Rest of the Best From Lake Region Extension Round Up

Inside Dakota Ag

Tips on controlling the Dakota's worst weeds, pushing soybean yields even higher and drafting a win-win flexible cash rent.

Published on: January 7, 2012

At the second day of the NDSU Extension Lake Region Round Up, I heard several tips on how to control dandelion and Canada thistle in cropland, push soybean yields to new yield heights and how to write a flexible cash rent that’s a winner for the landlord and the tenant.

Best spring dandelion control –Express plus glyphosatefor fields to be planted to corn or soybeans. Greg Andres, NDSU Extension agronomist, Carrington Research and Extension Center., says field should be sprayed 14 days before planting corn and soybeans.  The tank mix will suppress dandelion for 3-4 months. Fall is the best time to hit dandelion. The most effective and most economical tank mix in the fall is glyphosate at ¾ pound active ingredient per acre and 2,4-D at 1 pint per acre. Glyphosate with Valor or Sharpen are also options.

Best Canada thistle killer – A new product called Perspective from DuPont. It’s not labeled yet, but when it is you’ll likely get near complete control for 1-2 years.

Best soybean practices – All the old ones. NDSU agronomists keep looking for something new that will increase soybean yields. But trials keep confirming that current recommendations are still the best. Plant about 150,000 seeds per acre; use 14 to 21 inch wide rows (they are better than 30-inch rows or solid-seeding); don’t put fertilizer with the seed; don’t add N, inoculate seed instead; add phosphorus and potassium if soil test levels are medium or lower; don’t apply micronutrients except sulfur (on eroded hilltops and coarse soils) or iron (where there is iron deficiency chlorosis). You can try a fungicide and other special inputs if you like, but NDSU researchers have conducted trials for eight years with more than a dozen products used alone and together in a high yield scheme and haven’t gotten any yield responses that would be cover the cost of the product(s).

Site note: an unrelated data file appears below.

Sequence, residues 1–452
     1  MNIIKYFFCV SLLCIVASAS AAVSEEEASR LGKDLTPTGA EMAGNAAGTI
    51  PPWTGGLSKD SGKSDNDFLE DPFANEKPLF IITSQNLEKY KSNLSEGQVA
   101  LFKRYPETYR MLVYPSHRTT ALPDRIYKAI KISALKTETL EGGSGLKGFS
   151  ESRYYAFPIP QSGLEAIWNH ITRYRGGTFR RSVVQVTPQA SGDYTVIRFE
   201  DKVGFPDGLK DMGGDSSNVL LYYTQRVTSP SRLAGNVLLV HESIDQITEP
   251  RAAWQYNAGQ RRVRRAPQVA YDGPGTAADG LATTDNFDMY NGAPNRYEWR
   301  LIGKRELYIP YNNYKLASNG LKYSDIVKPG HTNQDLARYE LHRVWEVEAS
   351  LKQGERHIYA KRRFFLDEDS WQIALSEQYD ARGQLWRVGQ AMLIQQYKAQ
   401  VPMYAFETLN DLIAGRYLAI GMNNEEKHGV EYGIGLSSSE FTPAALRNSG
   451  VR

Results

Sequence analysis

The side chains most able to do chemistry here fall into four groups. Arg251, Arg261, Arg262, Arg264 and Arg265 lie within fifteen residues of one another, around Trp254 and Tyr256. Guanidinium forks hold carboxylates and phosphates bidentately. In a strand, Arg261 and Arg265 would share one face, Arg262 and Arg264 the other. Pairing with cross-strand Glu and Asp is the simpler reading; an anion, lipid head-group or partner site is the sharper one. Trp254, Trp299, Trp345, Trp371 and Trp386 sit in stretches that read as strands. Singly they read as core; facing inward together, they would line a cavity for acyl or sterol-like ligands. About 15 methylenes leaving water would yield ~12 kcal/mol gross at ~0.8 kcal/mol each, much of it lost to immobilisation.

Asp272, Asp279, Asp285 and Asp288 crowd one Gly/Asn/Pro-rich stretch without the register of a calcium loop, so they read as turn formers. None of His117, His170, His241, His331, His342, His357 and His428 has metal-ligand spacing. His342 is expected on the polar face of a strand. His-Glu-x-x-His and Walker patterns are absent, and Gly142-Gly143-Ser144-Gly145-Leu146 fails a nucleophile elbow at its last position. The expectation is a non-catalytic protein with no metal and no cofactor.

Best flex rent arrangement – A minimum cash rent plus a bonus based on price, yield and cost of inputs. A flex rent based on price or yield alone is too risky, says Dwight Aakre, NDSU Extension farm management specialist. If a flex rent is based on price alone, the price may be high but you could have a crop failure and still have to pay the landlord a bonus. If it is based on yield alone, you could have a good yield, but prices may crash. And if you don’t include a factor for inputs, you could still get in trouble even if you have a decent yield and price. Higher costs could reduce your profit margin.